Death and Taxes and Procrastination

A podcast I listened to recently considered the ways that procrastination benefited creative thought.  I might have called it “marinating” instead, but the process is the same.  Flickering ideas come and go, never quite landing, but somehow manage to grow in scope during these periods of procrastination.

As I said, procrastination works well for creative problem-solving.  Not a good idea for your taxes, unless you plan to get creative with those, and impossible with death of course. One of the things I had procrastinated on was writing a post about planning your funeral. Following the death of my well-loved 95 year old father-in-law, that seemed like a great idea, but it never jelled. You should go ahead and plan it anyway though!

I’ve enjoyed the discipline of writing for a blog (nearly) every week for the past 12 years,  but am feeling a need to step away for a while. Not from writing, just from this format.  People in different parts of my life keep telling me to write a book, and while a book might not emerge, I have most definitely procrastinated taking this idea seriously and am hereby committing to write with more intention, if perhaps less purpose. The other night I awoke from a dream that was telling me something important, and for the first time I took the leap of writing down an idea that was percolating up from deep within during the middle of the night. My beautiful blue suede-covered journal stays nearer to me these days, and what looks like nonsense on the page at the moment just might be transfigured.

We’ll see what comes of it, but I’m giving myself six months to explore things that might have been marinating for years now.

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Here are some of the things that have been feeding my imagination these days:

Upcoming concerts:

  • Sunday, March 1 at 2:30 – a program with Furia Flamenco.  Very fun!
  • Saturday, March 7 at 7:00 – a house concert with Karin Kelleher playing sonatas for piano and violin by Grieg and Beethoven, raising money for Manna Food Bank.  Contact me if you are interested in attending. (and another one on April 18)
  • Tuesday, March 24 at 12:10 – bassoonist Cindy Gady and I are putting together a program of meditative music to accompany walking the labyrinth at Church of the Epiphany. Read more.
  • Not a concert, but a chance to make music with a wonderful group of singers in residence at St. David’s Cathedral in Wales during August

And books…so many great books are part of my life.  At the moment I have three books in rotation:  a second reading of The Overstory by Richard Powers, listening to On Earth We’re Briefly Gorgeous by Ocean Vuong, and then this week I had to add Philip Kennicott’s new memoir, Counterpoint, after hearing him speak about it. His book explores family, playing the piano, Bach and The Goldberg Variations. Except for the abusive mother part, it’s the book I would have so wished I could write.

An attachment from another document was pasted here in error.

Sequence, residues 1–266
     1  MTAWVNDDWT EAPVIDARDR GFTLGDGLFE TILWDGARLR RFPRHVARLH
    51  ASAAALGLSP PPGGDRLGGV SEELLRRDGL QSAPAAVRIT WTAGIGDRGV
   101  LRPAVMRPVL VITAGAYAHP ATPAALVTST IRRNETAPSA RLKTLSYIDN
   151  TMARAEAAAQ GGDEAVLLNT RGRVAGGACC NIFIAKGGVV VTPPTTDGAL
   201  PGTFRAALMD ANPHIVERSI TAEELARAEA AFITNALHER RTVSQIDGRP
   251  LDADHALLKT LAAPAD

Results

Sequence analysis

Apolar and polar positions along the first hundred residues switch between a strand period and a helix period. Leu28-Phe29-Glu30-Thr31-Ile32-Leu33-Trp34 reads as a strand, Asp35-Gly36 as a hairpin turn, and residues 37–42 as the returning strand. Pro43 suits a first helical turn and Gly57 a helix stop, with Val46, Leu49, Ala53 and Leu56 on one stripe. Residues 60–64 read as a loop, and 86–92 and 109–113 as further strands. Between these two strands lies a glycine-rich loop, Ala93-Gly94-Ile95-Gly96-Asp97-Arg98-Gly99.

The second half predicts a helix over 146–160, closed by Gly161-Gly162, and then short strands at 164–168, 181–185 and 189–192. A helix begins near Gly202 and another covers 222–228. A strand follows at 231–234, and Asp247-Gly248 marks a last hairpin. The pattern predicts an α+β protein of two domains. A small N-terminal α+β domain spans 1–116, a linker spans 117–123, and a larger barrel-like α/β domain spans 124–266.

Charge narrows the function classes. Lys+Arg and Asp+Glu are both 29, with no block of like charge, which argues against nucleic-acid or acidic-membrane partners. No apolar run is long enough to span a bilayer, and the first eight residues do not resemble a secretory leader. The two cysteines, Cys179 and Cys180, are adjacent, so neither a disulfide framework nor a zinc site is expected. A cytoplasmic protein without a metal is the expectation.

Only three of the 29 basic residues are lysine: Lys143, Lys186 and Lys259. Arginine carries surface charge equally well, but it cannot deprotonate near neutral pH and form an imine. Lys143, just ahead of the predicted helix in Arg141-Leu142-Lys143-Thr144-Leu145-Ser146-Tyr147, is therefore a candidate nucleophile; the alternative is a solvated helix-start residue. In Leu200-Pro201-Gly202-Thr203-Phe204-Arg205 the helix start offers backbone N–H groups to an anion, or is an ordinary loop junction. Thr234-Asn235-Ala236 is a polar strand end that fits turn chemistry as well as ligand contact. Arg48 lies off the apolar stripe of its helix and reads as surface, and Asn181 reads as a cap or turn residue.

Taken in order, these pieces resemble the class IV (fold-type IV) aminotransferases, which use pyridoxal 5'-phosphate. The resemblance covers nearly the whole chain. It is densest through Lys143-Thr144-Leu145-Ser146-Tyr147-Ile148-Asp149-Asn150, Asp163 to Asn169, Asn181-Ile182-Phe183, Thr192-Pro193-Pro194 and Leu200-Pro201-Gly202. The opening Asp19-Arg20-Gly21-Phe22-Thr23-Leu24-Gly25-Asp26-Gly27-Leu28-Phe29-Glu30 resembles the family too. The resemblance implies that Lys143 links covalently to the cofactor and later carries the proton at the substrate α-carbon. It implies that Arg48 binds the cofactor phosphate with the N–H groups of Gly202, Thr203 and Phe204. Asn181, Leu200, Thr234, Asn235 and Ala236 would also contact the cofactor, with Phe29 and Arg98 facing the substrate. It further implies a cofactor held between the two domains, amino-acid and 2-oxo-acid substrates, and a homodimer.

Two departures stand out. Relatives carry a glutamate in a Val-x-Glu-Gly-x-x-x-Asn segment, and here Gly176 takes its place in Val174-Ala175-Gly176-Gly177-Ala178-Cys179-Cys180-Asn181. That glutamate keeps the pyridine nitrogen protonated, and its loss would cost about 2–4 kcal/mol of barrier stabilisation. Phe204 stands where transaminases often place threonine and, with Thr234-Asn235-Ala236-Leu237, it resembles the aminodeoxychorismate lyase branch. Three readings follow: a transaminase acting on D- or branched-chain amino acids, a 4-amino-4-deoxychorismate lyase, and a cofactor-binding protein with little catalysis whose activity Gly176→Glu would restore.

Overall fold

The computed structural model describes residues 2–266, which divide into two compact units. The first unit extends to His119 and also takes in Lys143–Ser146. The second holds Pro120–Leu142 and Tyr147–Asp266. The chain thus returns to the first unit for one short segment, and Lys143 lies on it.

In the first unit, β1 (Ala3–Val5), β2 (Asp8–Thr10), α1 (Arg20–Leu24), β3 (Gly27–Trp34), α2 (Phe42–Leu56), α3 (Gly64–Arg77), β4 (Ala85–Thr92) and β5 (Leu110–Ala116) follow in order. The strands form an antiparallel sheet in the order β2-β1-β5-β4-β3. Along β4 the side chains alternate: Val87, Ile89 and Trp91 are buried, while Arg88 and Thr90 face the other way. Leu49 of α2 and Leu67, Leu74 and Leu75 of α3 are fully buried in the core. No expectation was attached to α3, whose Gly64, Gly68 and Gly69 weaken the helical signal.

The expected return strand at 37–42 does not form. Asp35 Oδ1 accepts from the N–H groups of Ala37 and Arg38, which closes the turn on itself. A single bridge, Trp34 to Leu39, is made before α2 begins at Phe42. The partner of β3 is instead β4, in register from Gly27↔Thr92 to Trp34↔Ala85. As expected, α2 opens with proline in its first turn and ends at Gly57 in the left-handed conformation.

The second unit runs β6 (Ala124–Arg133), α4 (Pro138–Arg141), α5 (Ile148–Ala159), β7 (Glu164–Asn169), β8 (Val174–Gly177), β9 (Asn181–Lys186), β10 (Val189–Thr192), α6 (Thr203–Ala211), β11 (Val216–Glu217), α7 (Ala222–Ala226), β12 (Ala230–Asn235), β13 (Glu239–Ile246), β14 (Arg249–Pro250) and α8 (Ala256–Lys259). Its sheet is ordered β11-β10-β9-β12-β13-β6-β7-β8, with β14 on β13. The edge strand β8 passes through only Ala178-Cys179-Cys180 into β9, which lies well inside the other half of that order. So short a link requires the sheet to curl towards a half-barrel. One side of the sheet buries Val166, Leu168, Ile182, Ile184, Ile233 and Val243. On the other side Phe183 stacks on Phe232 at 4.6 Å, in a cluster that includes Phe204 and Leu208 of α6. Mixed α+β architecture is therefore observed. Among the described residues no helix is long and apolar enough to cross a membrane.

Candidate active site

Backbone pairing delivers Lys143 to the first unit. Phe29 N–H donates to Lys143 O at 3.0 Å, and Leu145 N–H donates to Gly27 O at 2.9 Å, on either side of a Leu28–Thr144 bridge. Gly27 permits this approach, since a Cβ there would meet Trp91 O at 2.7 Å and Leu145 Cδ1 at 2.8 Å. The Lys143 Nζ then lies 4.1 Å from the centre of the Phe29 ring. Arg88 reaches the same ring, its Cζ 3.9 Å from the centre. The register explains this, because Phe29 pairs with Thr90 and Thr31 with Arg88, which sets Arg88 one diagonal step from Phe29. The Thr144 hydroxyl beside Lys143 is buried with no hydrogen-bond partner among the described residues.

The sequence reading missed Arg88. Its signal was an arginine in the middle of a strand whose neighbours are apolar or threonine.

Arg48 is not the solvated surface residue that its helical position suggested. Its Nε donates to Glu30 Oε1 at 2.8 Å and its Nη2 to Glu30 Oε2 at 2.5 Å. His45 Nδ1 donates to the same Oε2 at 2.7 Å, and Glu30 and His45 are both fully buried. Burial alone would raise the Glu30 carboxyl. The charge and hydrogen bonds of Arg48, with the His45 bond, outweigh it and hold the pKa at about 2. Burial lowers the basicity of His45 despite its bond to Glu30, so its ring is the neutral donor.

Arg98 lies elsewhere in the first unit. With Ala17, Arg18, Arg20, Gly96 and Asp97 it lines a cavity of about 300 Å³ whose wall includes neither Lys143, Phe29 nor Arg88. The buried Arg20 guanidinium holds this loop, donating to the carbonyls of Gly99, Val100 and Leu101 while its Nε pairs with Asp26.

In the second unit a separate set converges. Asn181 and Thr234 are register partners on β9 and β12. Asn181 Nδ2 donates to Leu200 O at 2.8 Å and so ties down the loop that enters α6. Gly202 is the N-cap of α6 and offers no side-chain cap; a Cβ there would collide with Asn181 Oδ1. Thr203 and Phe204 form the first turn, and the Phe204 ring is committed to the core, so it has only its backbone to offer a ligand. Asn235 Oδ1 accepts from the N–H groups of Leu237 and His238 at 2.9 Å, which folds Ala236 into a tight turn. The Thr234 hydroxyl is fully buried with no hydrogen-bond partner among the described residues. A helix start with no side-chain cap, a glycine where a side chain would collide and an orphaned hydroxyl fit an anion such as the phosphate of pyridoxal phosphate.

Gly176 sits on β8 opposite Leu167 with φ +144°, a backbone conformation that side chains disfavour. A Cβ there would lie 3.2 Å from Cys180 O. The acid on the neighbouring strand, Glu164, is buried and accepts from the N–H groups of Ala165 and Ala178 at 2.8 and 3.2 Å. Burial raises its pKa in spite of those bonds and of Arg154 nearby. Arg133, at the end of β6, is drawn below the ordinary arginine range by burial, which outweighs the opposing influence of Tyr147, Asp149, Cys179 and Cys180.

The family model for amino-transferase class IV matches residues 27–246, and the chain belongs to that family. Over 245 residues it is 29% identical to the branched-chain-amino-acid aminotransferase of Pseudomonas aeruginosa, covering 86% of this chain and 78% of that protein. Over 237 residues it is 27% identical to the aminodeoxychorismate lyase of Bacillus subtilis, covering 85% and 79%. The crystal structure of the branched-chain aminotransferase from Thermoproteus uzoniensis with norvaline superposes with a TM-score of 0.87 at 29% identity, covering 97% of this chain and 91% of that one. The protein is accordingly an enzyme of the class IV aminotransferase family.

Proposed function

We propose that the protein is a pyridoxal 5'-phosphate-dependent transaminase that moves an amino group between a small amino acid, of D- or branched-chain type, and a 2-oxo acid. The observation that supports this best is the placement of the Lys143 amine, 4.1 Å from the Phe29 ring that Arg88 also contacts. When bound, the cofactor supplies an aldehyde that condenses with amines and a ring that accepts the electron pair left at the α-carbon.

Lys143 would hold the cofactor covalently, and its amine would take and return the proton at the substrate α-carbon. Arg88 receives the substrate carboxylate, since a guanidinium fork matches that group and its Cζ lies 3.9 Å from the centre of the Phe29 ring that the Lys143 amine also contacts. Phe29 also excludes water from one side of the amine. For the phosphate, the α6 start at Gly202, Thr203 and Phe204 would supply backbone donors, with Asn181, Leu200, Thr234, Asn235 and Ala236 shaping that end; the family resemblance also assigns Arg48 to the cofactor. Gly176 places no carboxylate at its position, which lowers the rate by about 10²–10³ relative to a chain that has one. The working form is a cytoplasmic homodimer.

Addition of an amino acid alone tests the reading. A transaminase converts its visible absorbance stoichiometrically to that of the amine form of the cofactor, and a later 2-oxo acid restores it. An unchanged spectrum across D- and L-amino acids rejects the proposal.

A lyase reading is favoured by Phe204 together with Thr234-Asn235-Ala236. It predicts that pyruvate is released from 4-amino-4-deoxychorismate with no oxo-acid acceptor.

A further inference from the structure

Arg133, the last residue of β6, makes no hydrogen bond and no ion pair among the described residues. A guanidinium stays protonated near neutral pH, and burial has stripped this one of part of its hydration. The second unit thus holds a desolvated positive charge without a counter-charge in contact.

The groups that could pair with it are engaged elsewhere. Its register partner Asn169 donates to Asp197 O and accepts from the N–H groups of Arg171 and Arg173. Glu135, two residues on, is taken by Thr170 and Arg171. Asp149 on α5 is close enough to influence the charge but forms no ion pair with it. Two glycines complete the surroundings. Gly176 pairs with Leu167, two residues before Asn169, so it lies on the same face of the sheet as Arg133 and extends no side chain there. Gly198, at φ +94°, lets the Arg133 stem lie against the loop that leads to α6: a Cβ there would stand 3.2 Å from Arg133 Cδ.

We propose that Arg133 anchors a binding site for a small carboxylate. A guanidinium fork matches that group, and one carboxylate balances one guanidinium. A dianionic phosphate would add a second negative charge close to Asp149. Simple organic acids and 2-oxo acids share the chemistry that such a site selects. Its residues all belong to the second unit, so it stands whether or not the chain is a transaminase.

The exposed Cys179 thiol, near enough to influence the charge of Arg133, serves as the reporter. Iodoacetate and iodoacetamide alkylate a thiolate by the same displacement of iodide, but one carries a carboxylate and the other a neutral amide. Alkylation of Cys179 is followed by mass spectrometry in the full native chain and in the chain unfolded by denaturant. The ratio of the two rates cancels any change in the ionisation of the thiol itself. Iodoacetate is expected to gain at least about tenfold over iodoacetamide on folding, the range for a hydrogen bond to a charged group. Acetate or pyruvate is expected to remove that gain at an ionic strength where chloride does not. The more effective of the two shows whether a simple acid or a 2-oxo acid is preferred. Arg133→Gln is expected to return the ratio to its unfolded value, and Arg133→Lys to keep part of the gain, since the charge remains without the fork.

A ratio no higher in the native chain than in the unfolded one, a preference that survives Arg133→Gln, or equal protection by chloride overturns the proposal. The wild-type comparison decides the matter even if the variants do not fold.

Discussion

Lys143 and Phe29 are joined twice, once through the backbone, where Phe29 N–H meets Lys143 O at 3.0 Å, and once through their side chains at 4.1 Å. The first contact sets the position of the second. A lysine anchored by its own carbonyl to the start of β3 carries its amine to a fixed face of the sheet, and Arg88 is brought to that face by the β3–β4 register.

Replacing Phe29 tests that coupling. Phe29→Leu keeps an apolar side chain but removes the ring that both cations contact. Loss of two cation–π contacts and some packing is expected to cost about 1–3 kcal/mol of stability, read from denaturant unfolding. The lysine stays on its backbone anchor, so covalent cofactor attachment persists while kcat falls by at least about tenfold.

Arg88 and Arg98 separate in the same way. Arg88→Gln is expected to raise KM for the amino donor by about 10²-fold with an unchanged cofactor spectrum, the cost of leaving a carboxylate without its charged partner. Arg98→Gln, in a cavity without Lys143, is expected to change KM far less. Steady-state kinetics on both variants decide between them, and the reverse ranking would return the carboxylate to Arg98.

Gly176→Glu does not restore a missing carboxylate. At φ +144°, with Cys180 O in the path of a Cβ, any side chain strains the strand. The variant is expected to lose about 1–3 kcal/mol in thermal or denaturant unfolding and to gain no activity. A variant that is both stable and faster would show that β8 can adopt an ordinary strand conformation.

There is much that is ugly about our world right now, and while that has probably always been true, the ugliness seems more pervasive, more oppressive than I can remember. What Vuong manages to do in his extended letter to his mother – which reads more as a poem – is to see beauty in between and around all the pain he experiences.  I don’t know if being able to describe the sordid, heartbreaking parts of life with such glorious waves of prose worthy of someone named Ocean works to deny what should be harrowing to read, but the books and music and people I turn to again and again are not an escape into beauty, but rather have clarifying and redemptive powers for me as I wade through all those thoughts that I’ve procrastinated writing about.  After I get our taxes done, and before I die.

Check in with me in six months and we’ll see if creativity does indeed emerge from procrastination.  Until then, peace, my friends.

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Another Lesson from Beethoven

Has anyone ever asked you to do something that is just simply impossible? Let’s fly to the moon kind of impossible? Do you greet that request with a wondering attitude – how could I help make this happen?  Or an immediate reality check – are you crazy?  

Beethoven asks the impossible of pianists with some frequency.  The piano is a percussion instrument – a hammer inside the piano strikes a group of strings which vibrate as long as the dampers are held off the strings by the pedal. Without benefit of a violinist’s bow or an oboist’s breath, once a note is played on the piano, it’s done. Decay is the only option. Or is it?

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Beethoven regularly puts a crescendo sign on a held note or chord – and that is simply impossible to do on the piano. Hmm, how can we make this happen?  One of my teachers years ago suggested that I should hear the note getting louder in my head and by some form of alchemy the crescendo would be communicated to the listener. That works for me. Perhaps there is an element of body language or a long drawn breath that keeps the player involved with the note in a way that at least suggests it is growing in sound and connecting to whatever follows. Sometimes Beethoven even marks a crescendo and a decrescendo on the same note or chord. Okay, that really is just crazy. Or is it?

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I find it best to do as Beethoven commands, or to at least attempt the impossible. Paying attention to the little markings in his music is the way in to his genius. Think of all the things we believe in, but can’t see – love, the mind, friendship, atoms, intuition. Beethoven helps me believe in a crescendo that can’t really exist, and that’s a beautiful first step into a world where all things are possible.

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